BALTIMORE — Twenty-nine graduates from the SEED School of Maryland achieved a 93 percent acceptance rate to four-year colleges and universities and were awarded more than $2 million in scholarships.
They will enroll this fall at some of the nation’s finest institutions, including: the University of Maryland College Park; University of Virginia; University of Michigan; Bucknell University; Penn State University; Virginia Tech; and Drexel University.
This is the first graduating class of The SEED School of Maryland, the state’s only public college-preparatory boarding school. The school admits students from across the state who meet the criteria for being disadvantaged or at-risk.
The school held its first graduation ceremony on Saturday, May 30, 2015, at the campus located in Southwest Baltimore. Seventh District Congressman Elijah Cummings was the commencement speaker.
“I am honored to participate in this occasion that so persuasively demonstrates that investing in the education of our children is always the right choice for Marylanders,” said Congressman Cummings.
Jon Tucker serves as head of the SEED School of Maryland. He is responsible for many of the day-to-day programs at the school and previously served as the director of student life at The SEED School of Washington, D.C.
“It was a milestone event for us to have our first group of students to graduate from our school,” said Tucker. They are trailblazers. When you provide access and opportunities for kids, they can do amazing things. It is important to note that all of them were accepted into four-year institutions that were deemed the right fit for them.”
He added, “Many of the graduates come from families with limited resources or are the first in their family to attend college. When given opportunities and resources, kids can be successful. Armed with a great education, great academics, character development, and other resources and opportunities, we know we are sending our kids off to college prepared for success; and that’s without regard to race, social, or economic status. That’s what we are seeing.”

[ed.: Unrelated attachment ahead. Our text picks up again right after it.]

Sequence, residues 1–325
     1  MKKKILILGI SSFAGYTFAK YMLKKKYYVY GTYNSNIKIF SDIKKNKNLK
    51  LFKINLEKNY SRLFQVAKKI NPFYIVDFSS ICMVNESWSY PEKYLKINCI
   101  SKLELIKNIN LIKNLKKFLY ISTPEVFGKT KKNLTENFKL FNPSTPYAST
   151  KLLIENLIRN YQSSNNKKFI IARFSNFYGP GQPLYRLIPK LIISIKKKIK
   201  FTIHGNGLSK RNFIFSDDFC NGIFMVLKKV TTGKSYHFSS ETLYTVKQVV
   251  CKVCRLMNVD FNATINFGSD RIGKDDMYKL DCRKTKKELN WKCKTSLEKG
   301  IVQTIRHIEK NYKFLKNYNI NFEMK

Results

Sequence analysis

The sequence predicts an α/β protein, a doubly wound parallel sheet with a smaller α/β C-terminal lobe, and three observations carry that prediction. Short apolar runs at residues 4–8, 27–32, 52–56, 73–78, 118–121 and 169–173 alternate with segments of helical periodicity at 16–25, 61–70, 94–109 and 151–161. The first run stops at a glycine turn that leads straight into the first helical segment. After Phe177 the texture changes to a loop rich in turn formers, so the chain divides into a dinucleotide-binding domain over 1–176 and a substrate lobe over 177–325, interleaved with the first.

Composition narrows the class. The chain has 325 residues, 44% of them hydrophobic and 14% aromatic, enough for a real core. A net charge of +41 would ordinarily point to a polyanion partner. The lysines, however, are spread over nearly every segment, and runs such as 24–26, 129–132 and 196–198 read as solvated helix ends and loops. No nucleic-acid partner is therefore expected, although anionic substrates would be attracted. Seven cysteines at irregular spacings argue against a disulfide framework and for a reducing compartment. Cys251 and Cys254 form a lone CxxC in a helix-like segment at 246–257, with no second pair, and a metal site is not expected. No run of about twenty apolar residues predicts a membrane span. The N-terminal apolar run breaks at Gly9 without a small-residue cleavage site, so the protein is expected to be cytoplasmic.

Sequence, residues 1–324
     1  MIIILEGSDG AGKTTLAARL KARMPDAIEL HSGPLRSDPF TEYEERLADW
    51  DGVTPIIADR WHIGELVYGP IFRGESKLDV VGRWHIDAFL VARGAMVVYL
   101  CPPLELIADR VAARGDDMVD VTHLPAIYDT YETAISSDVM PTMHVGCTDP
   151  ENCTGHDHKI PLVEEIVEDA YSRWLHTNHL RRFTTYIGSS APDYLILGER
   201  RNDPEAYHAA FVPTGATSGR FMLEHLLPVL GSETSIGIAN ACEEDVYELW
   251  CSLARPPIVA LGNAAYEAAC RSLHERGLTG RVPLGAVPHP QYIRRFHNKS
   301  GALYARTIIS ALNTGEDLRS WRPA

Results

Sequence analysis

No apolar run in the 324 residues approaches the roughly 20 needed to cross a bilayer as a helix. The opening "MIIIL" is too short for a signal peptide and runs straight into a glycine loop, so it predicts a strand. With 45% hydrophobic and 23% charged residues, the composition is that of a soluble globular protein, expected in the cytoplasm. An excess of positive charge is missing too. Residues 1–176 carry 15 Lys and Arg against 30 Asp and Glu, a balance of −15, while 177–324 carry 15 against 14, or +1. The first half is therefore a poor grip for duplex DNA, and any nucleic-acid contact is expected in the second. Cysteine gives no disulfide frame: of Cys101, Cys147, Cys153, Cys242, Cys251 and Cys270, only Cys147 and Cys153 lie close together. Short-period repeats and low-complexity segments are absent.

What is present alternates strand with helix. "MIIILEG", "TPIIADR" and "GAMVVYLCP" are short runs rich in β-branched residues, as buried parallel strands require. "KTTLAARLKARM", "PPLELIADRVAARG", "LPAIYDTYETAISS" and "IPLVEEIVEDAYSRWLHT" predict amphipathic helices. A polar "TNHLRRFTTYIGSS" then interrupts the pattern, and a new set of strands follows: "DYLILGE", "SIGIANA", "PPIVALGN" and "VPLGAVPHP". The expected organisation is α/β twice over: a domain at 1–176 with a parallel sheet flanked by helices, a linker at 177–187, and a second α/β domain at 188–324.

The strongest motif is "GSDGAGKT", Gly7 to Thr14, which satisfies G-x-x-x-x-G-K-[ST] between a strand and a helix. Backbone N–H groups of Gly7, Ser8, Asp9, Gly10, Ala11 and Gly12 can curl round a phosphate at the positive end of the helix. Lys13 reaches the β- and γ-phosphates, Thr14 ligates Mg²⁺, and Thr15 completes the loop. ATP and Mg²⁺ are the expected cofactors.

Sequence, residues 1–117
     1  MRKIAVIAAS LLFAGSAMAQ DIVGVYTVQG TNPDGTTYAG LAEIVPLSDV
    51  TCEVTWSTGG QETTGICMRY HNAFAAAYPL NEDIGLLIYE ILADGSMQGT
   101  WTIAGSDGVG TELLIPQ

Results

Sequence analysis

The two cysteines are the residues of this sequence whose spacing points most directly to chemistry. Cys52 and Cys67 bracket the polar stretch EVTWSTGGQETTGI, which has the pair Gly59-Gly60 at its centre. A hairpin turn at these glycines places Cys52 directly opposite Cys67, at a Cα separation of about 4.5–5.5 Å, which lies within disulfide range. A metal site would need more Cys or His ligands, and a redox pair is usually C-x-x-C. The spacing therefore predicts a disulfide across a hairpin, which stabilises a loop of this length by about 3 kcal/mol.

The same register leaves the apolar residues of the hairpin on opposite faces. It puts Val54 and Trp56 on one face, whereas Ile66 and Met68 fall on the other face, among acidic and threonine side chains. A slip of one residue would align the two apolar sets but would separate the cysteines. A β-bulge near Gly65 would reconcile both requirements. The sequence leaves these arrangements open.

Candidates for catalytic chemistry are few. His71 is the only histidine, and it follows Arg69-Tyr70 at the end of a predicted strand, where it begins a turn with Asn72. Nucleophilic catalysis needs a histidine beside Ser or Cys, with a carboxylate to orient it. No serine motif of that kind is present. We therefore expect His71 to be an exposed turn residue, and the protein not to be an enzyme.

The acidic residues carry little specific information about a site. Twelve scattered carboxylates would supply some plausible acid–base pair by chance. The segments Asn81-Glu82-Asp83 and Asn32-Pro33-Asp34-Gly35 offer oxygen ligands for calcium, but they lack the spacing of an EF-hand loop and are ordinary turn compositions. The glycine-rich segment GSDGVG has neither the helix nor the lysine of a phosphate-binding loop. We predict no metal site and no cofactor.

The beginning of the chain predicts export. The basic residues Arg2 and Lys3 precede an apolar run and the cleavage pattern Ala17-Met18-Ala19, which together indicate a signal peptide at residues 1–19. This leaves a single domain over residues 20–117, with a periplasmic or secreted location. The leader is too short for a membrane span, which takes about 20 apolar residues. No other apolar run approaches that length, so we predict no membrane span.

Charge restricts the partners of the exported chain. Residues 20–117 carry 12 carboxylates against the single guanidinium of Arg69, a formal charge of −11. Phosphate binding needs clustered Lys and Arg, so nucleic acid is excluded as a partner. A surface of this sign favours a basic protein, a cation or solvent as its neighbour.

SEED is recognized for their rigorous, innovative, educational curriculum and high academic standards. These standards are complemented by a boarding program embedded in their core values— responsibility, respect, compassion, empathy, integrity, self-discipline, self-determination and perseverance. The school also offers a full range of sports and extracurricular activities.
The SEED School welcomed its first class of sixth graders in 2008, and has grown to enroll approximately 400 students in grades six through twelve.
Admission to the five-day-a-week boarding school is limited to students entering the sixth grade. Students are admitted to the school through a lottery process and their performance on standardized test is not considered in the admission process.
More than 95 percent of the school’s seniors passed the Maryland High School Assessment test in algebra (compared to 87 percent statewide); 93.1 percent passed in biology (87 percent statewide) and 93.1 percent passed in english (83 percent statewide).
Their academic performance was achieved despite the fact that nearly all were lagging below their grade level when they entered as sixth graders.
Students from Prince George’s County represent the largest number of graduates, with 12 seniors, followed by Baltimore City with 11. Other graduating students hail from Anne Arundel, Baltimore, Howard and Washington Counties.
Tiffany Evans is the director of student life for The SEED School of Maryland.
“We have a wonderful college and career department that works with the kids from grades six to 12,” said Evans. “They are going on college visits and living in dorms named after colleges and universities. Once you are living in Morgan House you know what Morgan State University is about and learning about Morgan. This is a college environment.”
She added, “Anytime you have an environment where you provide a solid college preparatory education and continue that education in the evening, it is a good program. You remove the factors that prevent students from being unsuccessful. You provide them with a warm, safe place, and expose them to operas, ballets, plays and other events. You also expose them to adults that provide continued support. We support the entire development of the child. That is the part is that is important, and why the SEED School has been so successful.”